SPACE'S DEEPEST SECRETS Einstein's "Biggest Blunder"

"A fudge factor is an ad hoc quantity introduced into a calculation, formula or model in order to make it fit observations or expectations. Examples include Einstein's Cosmological Constant..."

Can one add a fudge factor analogous to the cosmological constant to the Lorentz transformation equations? One cannot, and the reason is simple: Special relativity is deductive (even though a false postulate and an invalid argument spoiled it from the very beginning) and fudging is impossible by definition - one has no right to add anything that is not deducible from the postulates.

Nowadays, except for special relativity, theories and models in physics are empirical, non-deductive - they cannot be presented as a set of valid arguments built up logically from a small number of simple axioms (postulates). This makes them unfalsifiable a priori.

"By a theory I shall mean the deductive closure of a set of theoretical postulates together with an appropriate set of auxiliary hypotheses; that is, everything that can be deduced from this set." W. H. Newton-Smith, THE RATIONALITY OF SCIENCE, p. 199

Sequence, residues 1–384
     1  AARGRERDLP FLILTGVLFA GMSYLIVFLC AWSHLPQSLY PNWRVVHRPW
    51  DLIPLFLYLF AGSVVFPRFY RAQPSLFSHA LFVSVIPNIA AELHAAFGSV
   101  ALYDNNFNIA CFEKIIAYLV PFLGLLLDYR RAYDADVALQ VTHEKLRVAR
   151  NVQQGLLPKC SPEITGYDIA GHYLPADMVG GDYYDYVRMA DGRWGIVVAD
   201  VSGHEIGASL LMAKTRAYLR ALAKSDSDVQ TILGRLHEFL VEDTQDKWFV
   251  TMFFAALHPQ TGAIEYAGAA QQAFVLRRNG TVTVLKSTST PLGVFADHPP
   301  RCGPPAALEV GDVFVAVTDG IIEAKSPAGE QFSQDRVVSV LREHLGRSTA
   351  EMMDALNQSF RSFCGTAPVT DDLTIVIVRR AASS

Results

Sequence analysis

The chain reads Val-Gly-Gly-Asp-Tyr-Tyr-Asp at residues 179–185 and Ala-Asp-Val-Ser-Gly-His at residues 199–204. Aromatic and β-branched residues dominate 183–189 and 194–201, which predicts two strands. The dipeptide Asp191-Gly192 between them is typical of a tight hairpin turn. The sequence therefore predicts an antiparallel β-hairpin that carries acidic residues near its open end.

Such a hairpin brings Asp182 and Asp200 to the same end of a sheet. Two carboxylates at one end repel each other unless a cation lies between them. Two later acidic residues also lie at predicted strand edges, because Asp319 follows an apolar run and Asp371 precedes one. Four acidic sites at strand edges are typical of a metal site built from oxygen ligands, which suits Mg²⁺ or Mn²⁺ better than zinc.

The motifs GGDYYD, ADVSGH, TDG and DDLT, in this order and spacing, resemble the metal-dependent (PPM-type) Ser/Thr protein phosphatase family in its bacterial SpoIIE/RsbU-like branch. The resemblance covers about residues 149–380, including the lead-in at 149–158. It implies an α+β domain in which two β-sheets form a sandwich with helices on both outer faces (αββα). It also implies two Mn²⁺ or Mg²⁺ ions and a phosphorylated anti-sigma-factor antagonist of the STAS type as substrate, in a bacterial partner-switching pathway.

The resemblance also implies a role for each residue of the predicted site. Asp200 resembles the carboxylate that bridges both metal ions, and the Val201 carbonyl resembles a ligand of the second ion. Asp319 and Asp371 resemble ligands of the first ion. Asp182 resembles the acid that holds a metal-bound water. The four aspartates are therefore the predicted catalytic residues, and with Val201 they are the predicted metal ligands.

Only deductive theories (models) can be falsified, either logically or experimentally. That is:

1. Arguments can be checked for validity.

2. The reductio-ad-absurdum procedure can be applied.

3. Showing, experimentally, that a postulate or a deduced consequence is false makes sense - the deductive structure allows one to interpret the falsehood in terms of the whole theory. (In the absence of a deductive structure any detected falsehood or absurdity remains insignificant - one can ignore it or "fix" it in some way, e.g. by introducing a fudge factor.)

The only alternative to deductivism is empiricism - models are essentially equivalent to the "empirical models" defined here:

"The objective of curve fitting is to theoretically describe experimental data with a model (function or equation) and to find the parameters associated with this model. Models of primary importance to us are mechanistic models. Mechanistic models are specifically formulated to provide insight into a chemical, biological, or physical process that is thought to govern the phenomenon under study. Parameters derived from mechanistic models are quantitative estimates of real system properties (rate constants, dissociation constants, catalytic velocities etc.). It is important to distinguish mechanistic models from empirical models that are mathematical functions formulated to fit a particular curve but whose parameters do not necessarily correspond to a biological, chemical or physical property."